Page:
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1.
February 2018

Practice Bulletin Number 191, February 2018

Ectopic pregnancy is defined as a pregnancy that occurs outside of the uterine cavity. The most common site of ectopic pregnancy is the fallopian tube. Most cases of tubal ectopic pregnancy that are detected early can be treated successfully either with minimally invasive surgery or with medical management using methotrexate. However, tubal ectopic pregnancy in an unstable patient is a medical emergency that requires prompt surgical intervention. The purpose of this document is to review information on the current understanding of tubal ectopic pregnancy and to provide guidelines for timely d...


Practice Bulletin Number 190, February 2018

(Replaces Practice Bulletin Number 180, July 2017)

Members Only


3.
February 2018

Committee Opinion Number 730, February 2018

(Replaces Committee Opinion No. 519, March 2012)

Abstract: Fatigue and sleep deprivation may affect a health care provider’s skills and communication style, and also may affect clinical outcomes. The National Sleep Foundation recommends 7–9 hours of sleep per night for an adult. However, there are no current guidelines limiting the volume of deliveries and procedures performed by a single individual or on the length of time he or she may be on call. Medical literature has shown that even a single night of missed sleep measurably affects cognitive performance. When adults do not sleep at least 5 hours per night, language and numeric skills...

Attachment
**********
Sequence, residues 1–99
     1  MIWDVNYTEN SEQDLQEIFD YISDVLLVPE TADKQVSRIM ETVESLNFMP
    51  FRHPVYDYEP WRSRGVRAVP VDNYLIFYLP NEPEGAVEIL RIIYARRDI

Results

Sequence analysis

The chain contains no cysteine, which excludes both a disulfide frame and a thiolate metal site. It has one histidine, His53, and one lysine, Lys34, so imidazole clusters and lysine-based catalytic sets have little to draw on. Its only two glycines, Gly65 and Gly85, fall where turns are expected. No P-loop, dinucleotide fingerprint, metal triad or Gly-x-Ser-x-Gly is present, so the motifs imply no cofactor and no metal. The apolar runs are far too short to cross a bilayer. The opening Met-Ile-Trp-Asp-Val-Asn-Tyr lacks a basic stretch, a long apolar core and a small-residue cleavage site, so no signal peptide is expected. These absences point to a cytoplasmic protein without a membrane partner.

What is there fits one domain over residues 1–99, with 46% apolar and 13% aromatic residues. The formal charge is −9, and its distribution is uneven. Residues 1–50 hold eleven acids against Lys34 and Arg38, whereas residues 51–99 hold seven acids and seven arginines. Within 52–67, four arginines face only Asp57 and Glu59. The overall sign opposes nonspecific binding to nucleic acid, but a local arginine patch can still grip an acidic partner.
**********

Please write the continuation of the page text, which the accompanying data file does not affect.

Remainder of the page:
The Centers for Disease Control and Prevention (CDC) and Advisory Committee on Immunization Practices (ACIP) have released updated guidance on preventing the transmission of hepatitis B virus (HBV) infection.


On December 7, 2017, a cohort study analyzing the risk of invasive breast cancer in women who used hormonal contraception was published in the New England Journal of Medicine. The study was designed to assess the influence of hormonal contraceptive use on the development of cardiovascular disease and cancer in a national cohort of Danish women.


Committee Opinion Number 729, January 2018

(Replaces Committee Opinion Number 493, May 2011)